In August, Mr. Jassy appeared at a White House summit on cyber security. In September, he crossed Capitol Hill to meet all four members of Congress. He also asked Democratic senators from Washington state, where Amazon is headquartered, and a Republican senator from Tennessee, where the company has expanded its logistics business.
Some Democrats pressured Mr. Jassy to let Amazon workers organize and oppose state abortion restrictions, said a person with knowledge of the talks, previously reported by Politico. Representative Kevin McCarthy, the Republican leader, asked Mr. Jassy to focus on construction products and stay away from controversial political and social issues, said a person with knowledge of the meeting.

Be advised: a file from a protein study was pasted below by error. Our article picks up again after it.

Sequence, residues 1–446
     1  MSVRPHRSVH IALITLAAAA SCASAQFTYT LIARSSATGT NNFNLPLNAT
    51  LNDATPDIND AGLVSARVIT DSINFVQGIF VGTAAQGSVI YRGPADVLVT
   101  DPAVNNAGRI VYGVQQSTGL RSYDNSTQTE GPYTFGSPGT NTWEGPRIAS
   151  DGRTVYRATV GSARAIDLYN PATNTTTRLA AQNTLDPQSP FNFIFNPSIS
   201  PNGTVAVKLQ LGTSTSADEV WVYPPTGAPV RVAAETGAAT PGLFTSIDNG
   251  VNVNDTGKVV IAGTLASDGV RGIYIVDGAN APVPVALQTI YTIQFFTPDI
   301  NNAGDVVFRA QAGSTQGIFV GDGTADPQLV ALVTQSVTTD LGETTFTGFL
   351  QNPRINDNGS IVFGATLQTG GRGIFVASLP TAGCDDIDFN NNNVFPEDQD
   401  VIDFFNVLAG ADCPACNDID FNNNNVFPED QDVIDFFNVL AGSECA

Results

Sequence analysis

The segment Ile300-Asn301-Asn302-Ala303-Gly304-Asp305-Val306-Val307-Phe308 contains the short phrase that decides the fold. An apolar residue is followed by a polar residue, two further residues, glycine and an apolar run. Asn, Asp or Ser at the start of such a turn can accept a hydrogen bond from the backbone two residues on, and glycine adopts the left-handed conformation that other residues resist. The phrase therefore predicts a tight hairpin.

A spokesman for Mr. McCarthy declined to comment.
The same week, Mr. Jassy met with Mr. Klain in the White House, said two people with knowledge of the meeting. They discussed the state of the economy and other issues, said one of the people.
A White House official said Mr. Klain regularly met with top executives and supervisors, mostly by phone, but sometimes in person.
Amazon’s most immediate regulatory threat is the proposed U.S. Innovation and Choice Online Act, which will stop major digital platforms from giving their own products preferential treatment.
One of the bill’s Democratic co-sponsors, Sen. Mark Warner of Virginia, met with Mr. Jassy in Washington in December and discussed China’s influence over technology. At another meeting this year in Seattle, Warner said he told Jassy that he was concerned about how Amazon could copy the products to sellers who used their site.